Wild Lens, Inc. travelled to Mexico in mid-March, to screen a documentary film illustrating the plight of this tiny marine mammal that is only found in the northern Gulf of California. The film portrays the species' situation, that of a harmless yet severely endangered animal getting caught up in nets meant to illegally catch the also-endangered species, a fish call the totoaba bass. Illegal gillnets are used to catch specific sea life and, while the vaquita are not a target species for the Mexican fisherpeople, they're getting captured as by-catch and die as a result.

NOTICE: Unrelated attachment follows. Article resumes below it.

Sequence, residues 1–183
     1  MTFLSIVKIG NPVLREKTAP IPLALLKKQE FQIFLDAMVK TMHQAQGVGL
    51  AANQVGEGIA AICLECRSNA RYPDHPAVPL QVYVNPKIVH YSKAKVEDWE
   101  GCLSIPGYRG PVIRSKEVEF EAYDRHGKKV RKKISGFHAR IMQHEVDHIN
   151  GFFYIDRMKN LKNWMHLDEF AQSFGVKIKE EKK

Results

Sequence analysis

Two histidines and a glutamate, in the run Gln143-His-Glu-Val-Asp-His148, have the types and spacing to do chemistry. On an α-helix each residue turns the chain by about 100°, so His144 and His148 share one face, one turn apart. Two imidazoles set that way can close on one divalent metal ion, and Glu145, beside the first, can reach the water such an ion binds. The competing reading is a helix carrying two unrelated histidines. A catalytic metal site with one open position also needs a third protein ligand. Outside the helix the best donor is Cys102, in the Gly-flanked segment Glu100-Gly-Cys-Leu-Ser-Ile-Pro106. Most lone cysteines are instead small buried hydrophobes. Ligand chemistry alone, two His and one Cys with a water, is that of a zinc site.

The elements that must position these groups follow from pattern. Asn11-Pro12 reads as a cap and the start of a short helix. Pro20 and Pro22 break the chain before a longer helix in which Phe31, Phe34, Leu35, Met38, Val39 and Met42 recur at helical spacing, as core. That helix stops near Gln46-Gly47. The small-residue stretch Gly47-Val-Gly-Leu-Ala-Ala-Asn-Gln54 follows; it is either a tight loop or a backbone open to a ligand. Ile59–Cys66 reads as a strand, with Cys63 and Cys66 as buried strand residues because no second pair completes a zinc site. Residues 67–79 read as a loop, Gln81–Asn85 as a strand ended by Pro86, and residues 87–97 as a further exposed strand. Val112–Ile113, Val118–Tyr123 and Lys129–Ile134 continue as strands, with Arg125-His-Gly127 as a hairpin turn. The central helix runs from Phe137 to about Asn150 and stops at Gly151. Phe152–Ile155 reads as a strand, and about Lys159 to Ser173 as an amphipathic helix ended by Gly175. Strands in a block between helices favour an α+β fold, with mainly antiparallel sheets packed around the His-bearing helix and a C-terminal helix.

As of the most recent population census carried out by the International Committee for the Recovery of the Vaquita, the total remaining vaquita may not even top thirty individuals, which is down 50% from last year and yet, within just the past couple of weeks, three of the precious few left have been found dead. Just before Wild Lens team leaders Sean Bogle and Matthew Podolsky were scheduled to screen the film in Mexico on March 13th, a good deal of unrest took place in El Golfo de Santa Clara, one of the two fishing communities most impacted by the fishing regulations recently put into place to protect the vaquita.
"Frustrated fisherman set fire to government vehicles and marched in the streets in protest of restrictions placed on the corvina fishery, which they rely on the make a living." -VaquitaFilm.org blog
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